Dr Till Bretschneider
Dr. Till Bretschneider
Till Bretschneider’s main research interest is to understand principles of self-organisation in animal cell motion. He uses a combined approach based on computational modelling and quantitative imaging to address problems ranging from the multicellular to the molecular level, such as:
a) How do chemical signals organise the collective motion of cells in developmental processes (Computational models of Dictyostelium morphogenesis)?
b) How does the actin cytoskeleton respond to chemical and mechanical stimuli and how can its spatio-temporal dynamics be quantified (Adaptation of Dictyostelium cells to a uniform upshift of chemoattractant, or reorientation of cells in response to alternating shear flows)?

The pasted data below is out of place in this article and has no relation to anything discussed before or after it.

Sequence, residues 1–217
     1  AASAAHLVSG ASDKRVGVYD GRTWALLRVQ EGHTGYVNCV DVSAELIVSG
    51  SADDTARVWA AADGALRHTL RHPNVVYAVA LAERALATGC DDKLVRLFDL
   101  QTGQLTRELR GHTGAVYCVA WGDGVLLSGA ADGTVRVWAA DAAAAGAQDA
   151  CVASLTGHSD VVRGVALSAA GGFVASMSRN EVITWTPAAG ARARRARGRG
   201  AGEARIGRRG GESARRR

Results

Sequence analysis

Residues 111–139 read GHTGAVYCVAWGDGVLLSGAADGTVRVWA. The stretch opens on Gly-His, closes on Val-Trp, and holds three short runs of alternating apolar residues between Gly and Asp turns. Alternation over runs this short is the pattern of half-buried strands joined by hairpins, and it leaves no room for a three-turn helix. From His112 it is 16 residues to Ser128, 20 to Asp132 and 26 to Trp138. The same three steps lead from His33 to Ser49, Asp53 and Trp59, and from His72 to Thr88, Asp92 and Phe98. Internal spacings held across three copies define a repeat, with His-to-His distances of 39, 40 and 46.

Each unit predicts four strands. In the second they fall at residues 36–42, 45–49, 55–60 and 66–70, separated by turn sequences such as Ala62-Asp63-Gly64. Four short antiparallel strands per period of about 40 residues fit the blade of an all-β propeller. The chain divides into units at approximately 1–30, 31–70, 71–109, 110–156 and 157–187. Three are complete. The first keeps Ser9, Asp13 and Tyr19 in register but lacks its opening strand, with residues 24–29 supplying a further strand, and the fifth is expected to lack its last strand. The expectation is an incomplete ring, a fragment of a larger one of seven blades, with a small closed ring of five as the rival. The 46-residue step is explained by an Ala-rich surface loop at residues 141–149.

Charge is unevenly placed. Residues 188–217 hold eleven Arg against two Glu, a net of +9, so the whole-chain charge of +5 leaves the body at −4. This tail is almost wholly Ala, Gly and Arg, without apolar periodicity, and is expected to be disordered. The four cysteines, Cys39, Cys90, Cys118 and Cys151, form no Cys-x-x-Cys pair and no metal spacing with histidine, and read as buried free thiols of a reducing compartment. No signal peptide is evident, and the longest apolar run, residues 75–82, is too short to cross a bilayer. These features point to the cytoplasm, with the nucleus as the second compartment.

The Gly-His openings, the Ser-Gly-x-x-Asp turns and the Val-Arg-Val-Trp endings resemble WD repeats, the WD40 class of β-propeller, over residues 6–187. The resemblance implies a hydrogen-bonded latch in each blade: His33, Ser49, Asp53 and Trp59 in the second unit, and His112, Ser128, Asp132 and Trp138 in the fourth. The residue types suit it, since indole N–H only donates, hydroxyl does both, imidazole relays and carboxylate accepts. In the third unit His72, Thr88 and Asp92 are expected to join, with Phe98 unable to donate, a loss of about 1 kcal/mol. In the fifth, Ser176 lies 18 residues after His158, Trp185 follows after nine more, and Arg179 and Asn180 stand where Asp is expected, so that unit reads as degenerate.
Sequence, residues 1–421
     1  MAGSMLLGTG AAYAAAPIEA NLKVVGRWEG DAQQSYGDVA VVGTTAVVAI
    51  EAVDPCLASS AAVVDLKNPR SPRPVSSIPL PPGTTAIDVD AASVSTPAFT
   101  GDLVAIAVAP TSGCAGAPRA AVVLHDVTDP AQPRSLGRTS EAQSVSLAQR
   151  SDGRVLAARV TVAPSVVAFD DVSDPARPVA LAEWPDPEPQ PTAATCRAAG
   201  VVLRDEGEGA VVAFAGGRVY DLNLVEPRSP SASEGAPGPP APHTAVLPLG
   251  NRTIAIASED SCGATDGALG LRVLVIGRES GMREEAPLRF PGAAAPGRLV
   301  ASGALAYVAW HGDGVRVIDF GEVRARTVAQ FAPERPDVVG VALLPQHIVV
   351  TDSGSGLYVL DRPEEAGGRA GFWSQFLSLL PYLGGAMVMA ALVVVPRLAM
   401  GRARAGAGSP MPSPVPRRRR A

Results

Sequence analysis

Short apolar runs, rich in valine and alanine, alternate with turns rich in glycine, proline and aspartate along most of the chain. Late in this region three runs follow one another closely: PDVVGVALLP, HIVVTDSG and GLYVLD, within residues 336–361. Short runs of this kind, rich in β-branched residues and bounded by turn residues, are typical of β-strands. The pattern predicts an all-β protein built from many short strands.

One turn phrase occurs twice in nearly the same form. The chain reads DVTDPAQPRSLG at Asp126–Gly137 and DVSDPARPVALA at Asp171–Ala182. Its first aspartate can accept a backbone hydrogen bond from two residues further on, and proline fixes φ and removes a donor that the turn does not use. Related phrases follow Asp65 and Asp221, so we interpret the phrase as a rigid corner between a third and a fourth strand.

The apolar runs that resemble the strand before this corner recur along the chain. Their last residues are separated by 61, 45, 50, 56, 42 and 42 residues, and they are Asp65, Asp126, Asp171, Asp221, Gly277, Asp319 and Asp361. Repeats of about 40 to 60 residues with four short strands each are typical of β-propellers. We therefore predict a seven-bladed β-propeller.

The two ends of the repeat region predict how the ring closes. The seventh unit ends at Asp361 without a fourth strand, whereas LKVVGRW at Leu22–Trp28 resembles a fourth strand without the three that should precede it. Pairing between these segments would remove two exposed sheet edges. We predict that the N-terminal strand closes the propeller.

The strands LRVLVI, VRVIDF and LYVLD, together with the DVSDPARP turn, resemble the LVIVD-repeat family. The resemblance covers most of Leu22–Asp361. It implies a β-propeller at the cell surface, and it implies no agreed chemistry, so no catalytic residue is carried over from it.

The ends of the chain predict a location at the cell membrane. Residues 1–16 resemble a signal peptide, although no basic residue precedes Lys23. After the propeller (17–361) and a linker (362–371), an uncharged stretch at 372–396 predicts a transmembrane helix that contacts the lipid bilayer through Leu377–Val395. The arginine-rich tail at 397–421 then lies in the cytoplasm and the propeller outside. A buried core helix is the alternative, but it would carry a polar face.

c) What are the underlying mechanisms for pattern formation of the actin cytoskeleton (Quantitative analysis and computational modelling of actin networks, patches, waves and leading edges)?
To address these questions the development of imaging software for the automated analysis of large cell populations becomes increasingly important. Recently the analysis of high-throughput video-microscopy data has been extended to study temporal profiles of gene expression at the single cell level.
PhD studentships are available from BBSRC/EPSRC funded Systems Biology, MOAC and Complexity Doctoral Training Centres. We are interested in receiving applications from students with a mathematical or physical sciences background, or with a background in biology. To find out more please follow this link.